By Deborah Jeanne Sergeant
Of course, you should feel excited and interested in your chosen academic path and profession; however, making a good salary makes life easier.
“Consistent with years past, the U.S. Bureau of Labor Statistics current data reveals that top paying jobs are in STEM fields,” said Taeko S. Kelly, assistant director of Career Services at SUNY Oswego.
STEM careers relate to science, technology, engineering and math.
“The future of the economy is in STEM,” said James Brown, the executive director of the STEM Education Coalition in Washington, D.C. on the bureau’s website. “That’s where the jobs of tomorrow will be.”
The Bureau of Labor Statistics projects that from 2022-2030, STEM-based careers will experience 10.5% growth in demand compared with 7.5% growth in non-STEM industries. These figures do not include the self-employed, or owners and partners in unincorporated firms. STEM-based occupations have an annual mean salary of $95,420 compared with $40,120 for non-STEM careers.
The starting wage may be lower and the location of the job and size of the company also make a difference in the salary.
Because of the skill set and specific aptitude required, working in STEM careers is not for everyone.
“A career in STEM would likely be satisfying to an individual who values logic, independence, discovery, and intellect and enjoys researching, experimenting, analyzing, and problem-solving,” Kelly said.
Individuals should also cultivate “soft skills” such as communication and interpersonal skills to more effectively navigate the workplace and improve how they interact with clients, vendors and employers.
STEM-based careers also impart a good deal of job security, as they are nearly all perennially in high demand and will continue to need workers. Many of them lend well to entrepreneurship or small-scale practice, which can help STEM workers retain greater independence and flexibility in their career path and personal life. STEM careers vary in degree requirement, from the bachelor’s degree for the architectural and engineering manager to the doctorate for the physician. It is important to compare the cost of the degree with the future salary.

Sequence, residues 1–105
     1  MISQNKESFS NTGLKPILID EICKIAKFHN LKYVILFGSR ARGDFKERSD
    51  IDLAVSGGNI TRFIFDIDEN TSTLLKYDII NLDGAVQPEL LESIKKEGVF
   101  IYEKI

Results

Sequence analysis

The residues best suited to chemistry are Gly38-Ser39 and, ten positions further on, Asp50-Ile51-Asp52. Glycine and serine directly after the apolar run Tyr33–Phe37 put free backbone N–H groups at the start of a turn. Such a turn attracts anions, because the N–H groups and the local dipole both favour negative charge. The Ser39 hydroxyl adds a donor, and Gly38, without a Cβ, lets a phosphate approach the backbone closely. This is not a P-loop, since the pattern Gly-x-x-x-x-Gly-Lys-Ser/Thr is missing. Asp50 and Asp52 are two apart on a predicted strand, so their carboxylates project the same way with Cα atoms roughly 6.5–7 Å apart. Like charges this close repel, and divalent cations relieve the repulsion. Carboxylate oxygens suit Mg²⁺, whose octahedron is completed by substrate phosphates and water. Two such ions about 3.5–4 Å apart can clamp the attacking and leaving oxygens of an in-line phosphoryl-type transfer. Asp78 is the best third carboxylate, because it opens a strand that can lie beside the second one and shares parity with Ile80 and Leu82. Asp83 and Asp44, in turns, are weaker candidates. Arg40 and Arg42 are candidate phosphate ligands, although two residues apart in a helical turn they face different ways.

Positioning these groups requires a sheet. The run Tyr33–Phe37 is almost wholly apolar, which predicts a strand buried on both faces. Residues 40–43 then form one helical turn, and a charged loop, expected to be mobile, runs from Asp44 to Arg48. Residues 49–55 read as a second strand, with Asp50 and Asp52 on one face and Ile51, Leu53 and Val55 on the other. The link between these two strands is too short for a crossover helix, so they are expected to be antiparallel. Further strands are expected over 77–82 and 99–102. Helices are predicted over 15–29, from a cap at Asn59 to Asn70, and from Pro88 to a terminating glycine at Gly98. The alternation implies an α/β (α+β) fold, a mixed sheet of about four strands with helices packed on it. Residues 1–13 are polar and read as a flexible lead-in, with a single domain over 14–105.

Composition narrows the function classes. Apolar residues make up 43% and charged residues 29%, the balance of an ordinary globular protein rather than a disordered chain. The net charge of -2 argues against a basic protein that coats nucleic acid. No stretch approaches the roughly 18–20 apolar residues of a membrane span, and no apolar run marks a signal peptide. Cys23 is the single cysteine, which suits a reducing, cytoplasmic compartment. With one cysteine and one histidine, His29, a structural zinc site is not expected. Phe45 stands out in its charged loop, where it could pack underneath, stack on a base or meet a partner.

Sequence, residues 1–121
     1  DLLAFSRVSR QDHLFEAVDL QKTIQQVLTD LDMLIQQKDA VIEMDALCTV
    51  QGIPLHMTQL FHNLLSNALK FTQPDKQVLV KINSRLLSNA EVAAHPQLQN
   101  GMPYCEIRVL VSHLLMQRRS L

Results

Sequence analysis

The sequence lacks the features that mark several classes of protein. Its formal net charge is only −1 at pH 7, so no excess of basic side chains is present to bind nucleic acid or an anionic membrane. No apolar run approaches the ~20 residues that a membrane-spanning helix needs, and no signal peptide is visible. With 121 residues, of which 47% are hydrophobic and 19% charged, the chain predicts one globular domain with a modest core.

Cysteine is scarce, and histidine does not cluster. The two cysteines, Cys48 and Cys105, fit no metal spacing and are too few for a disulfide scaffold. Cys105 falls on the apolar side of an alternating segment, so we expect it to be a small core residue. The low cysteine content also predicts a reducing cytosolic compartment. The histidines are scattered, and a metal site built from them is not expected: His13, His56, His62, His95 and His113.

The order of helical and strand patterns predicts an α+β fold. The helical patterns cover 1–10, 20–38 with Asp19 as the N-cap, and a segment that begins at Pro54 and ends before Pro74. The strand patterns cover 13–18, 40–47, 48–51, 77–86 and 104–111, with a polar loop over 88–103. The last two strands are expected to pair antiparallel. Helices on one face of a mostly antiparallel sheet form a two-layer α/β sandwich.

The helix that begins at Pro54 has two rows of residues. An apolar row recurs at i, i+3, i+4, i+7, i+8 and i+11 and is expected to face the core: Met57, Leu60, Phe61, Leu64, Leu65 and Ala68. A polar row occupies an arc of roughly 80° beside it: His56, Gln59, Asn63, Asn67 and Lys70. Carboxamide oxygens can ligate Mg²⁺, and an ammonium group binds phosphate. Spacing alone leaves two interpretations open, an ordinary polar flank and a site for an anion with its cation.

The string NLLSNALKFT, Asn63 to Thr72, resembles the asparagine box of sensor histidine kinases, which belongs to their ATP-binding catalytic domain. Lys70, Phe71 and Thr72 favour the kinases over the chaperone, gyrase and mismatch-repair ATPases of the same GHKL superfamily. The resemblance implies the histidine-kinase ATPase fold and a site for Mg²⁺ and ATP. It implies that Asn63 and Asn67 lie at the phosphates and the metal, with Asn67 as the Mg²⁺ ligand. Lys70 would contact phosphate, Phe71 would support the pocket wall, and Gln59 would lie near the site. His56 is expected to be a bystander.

Although not as high paying as STEM careers, consider the careers that are associated with them and support them, such as a physician assistant ($121,530), orthodontic technician ($38,660) or surgical technologist ($48,530), psychiatric technician ($36,230), dental assistant ($38,660), computer support specialist ($57,910), and architect ($80,180). While most do not pay a high wage, these careers offer a high level of demand, room for advancement and a foundation in the industry when considering additional education.
Administrative supports to STEM jobs, such as receptionists, secretaries and office managers, pay less but will stay in demand. Executive roles in STEM-based industries, including STEM companies’ CEO, CFO and COO will both pay well and because of their industry, remain in demand.